Article featured image
The best drunk food meets the best barbecue.

If the vast world of spices, whole and ground, seems a little exotic to you, pick up a copy of chef and cookbook author Paul Merrett's Spice Odyssey. Learn the basics of commonly used spices, then branch out and apply your knowledge to dishes from everyday classic to never-before-seen global specialties. Ready to make your new favorite sandwich? Particularly if you've had a few beers?

Two Tuesdays ago I drank far too much beer. I was out with a couple of friends, both of whom are chefs, and as we staggered out of the pub at closing time one of them suggested that it would be ‘sensible’ to head home via the Middle Eastern take-out place. I chose a dish called arayes kafta. The next morning I made two solemn pledges — to never ever drink beer again, and to revisit that Middle Eastern take-out and eat the same thing, but this time without the preceding 10 beers. I’ve kept one of the two pledges — I’ve been back to the take-out and eaten arayes kafta, which again really hit the spot, but this time I was sober enough to remember exactly what I’d eaten.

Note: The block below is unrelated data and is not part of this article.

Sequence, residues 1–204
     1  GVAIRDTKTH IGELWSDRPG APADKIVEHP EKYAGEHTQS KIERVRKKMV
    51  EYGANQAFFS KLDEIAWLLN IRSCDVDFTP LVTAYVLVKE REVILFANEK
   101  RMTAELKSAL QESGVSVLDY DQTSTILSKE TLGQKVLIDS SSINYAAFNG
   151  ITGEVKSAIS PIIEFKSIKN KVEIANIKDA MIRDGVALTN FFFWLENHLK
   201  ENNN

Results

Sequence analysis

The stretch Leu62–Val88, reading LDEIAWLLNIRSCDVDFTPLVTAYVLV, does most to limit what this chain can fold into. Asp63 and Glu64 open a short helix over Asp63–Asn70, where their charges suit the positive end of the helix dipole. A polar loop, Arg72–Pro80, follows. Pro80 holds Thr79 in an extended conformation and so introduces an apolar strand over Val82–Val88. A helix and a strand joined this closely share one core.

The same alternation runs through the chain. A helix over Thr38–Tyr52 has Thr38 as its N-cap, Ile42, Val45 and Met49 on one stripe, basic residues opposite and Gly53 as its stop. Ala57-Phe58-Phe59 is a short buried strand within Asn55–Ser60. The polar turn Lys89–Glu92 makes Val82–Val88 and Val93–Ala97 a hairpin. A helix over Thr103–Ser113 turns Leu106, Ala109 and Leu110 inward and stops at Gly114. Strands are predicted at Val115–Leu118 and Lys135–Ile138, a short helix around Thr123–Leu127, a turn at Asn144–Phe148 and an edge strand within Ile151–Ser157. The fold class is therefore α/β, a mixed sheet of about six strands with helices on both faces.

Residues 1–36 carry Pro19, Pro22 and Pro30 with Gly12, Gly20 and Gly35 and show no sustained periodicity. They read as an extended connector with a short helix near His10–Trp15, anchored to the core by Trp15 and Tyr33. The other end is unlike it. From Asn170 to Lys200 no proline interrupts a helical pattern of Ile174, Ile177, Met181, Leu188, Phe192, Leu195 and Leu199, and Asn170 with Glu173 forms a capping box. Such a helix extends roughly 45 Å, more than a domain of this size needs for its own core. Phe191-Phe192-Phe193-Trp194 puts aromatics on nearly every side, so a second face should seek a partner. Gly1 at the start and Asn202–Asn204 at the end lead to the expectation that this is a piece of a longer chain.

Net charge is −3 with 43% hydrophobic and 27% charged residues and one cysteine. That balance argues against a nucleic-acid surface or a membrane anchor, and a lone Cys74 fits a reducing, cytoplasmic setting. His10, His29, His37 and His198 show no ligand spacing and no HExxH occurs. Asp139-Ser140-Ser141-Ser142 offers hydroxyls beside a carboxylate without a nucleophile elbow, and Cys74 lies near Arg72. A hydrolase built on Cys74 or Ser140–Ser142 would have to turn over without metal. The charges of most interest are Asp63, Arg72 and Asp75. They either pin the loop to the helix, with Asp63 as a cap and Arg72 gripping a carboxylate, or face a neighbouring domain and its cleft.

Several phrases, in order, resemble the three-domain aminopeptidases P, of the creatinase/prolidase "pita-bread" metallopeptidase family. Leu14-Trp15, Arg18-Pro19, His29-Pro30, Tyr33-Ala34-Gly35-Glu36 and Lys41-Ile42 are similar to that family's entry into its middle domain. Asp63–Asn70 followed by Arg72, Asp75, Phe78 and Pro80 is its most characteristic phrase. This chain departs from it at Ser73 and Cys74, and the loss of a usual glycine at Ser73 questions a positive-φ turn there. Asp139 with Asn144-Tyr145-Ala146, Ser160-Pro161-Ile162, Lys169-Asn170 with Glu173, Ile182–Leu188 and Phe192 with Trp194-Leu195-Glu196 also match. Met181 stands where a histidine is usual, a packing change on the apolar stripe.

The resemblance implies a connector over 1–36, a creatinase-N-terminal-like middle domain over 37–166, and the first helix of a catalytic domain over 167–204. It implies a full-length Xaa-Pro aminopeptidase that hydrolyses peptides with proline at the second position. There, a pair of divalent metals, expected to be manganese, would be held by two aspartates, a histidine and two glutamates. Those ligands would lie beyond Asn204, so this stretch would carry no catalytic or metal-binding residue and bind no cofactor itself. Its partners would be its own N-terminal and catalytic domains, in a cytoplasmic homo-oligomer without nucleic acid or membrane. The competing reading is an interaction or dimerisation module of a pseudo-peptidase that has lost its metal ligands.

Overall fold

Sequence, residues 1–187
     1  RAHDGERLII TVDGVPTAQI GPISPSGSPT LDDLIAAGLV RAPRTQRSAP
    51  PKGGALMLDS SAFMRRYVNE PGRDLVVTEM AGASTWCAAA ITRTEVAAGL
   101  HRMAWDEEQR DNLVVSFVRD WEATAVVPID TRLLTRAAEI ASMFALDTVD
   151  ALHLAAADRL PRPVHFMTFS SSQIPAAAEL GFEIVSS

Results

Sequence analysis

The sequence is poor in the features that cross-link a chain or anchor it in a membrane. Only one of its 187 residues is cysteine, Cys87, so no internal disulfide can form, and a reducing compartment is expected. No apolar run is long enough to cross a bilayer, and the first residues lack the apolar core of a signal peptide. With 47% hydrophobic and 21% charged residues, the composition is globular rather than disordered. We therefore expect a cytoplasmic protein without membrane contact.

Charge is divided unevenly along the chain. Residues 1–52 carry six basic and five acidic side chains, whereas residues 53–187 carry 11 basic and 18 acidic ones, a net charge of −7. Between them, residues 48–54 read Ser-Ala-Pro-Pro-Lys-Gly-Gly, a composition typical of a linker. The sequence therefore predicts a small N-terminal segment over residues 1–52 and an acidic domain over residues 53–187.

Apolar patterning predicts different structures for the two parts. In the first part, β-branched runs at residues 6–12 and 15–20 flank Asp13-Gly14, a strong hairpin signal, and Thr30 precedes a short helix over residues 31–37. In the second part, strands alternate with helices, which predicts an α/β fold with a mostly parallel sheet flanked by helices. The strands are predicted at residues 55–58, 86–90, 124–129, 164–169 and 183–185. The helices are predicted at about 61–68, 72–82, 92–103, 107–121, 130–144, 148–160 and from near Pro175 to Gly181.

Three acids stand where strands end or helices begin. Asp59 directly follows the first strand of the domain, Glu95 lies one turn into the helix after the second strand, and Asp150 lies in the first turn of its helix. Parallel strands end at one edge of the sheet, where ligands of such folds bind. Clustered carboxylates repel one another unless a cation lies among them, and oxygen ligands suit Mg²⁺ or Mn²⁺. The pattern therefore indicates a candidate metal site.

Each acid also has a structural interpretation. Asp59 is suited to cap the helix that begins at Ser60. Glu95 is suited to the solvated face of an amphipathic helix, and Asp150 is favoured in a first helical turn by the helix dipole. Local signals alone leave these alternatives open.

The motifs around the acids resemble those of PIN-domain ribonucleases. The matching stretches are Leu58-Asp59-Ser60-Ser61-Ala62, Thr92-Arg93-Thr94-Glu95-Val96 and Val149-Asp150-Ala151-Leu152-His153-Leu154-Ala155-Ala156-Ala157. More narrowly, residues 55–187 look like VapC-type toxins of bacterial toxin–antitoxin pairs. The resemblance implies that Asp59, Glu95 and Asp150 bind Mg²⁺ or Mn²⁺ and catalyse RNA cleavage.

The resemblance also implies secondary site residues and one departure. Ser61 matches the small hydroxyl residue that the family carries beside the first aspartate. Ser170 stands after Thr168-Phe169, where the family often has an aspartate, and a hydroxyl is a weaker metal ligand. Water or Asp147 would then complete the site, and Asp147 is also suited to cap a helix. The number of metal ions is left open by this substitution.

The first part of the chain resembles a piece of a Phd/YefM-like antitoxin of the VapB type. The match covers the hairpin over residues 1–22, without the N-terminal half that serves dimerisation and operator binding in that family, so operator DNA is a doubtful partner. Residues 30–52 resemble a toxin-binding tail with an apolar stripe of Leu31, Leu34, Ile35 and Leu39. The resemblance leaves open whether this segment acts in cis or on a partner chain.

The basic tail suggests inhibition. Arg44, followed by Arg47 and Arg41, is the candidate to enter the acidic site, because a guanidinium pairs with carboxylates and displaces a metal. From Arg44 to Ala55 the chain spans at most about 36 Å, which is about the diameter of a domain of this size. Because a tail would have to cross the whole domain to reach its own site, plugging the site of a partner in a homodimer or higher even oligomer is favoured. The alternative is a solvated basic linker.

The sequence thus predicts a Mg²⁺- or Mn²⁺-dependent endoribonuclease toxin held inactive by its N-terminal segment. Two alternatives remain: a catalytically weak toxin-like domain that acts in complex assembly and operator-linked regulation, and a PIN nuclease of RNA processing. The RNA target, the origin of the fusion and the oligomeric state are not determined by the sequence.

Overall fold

So much Middle Eastern cuisine is interwoven and reinterpreted from country to country, but Lebanon appears to get the credit for arayes kafta. Basically it’s a toasted sandwich with a spicy meat stuffing. Many recipes ask you to use baharat spice, which you can track down on the internet, but basically baharat is an Arabic spice blend that can be made using spices you may well already have in your pantry. This makes a great barbecue meal, an easy hot light lunch, or the most incredible dish ever eaten by a drunk guy at a bus stop.

Reprinted with permission from Spicy Odyssey